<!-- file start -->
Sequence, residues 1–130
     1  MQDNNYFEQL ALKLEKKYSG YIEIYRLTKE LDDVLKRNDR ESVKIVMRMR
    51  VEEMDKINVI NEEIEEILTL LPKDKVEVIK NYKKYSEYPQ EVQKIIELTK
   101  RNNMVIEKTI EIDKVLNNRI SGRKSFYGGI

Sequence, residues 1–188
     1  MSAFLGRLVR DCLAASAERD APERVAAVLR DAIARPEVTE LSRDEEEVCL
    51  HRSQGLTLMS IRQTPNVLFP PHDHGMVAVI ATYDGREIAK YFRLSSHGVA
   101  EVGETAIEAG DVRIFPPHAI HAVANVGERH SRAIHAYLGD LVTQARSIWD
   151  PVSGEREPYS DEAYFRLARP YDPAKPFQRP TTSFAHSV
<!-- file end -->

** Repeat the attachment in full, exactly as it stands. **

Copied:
Sequence, residues 1–130
     1  MQDNNYFEQL ALKLEKKYSG YIEIYRLTKE LDDVLKRNDR ESVKIVMRMR
    51  VEEMDKINVI NEEIEEILTL LPKDKVEVIK NYKKYSEYPQ EVQKIIELTK
   101  RNNMVIEKTI EIDKVLNNRI SGRKSFYGGI

Sequence, residues 1–188
     1  MSAFLGRLVR DCLAASAERD APERVAAVLR DAIARPEVTE LSRDEEEVCL
    51  HRSQGLTLMS IRQTPNVLFP PHDHGMVAVI ATYDGREIAK YFRLSSHGVA
   101  EVGETAIEAG DVRIFPPHAI HAVANVGERH SRAIHAYLGD LVTQARSIWD
   151  PVSGEREPYS DEAYFRLARP YDPAKPFQRP TTSFAHSV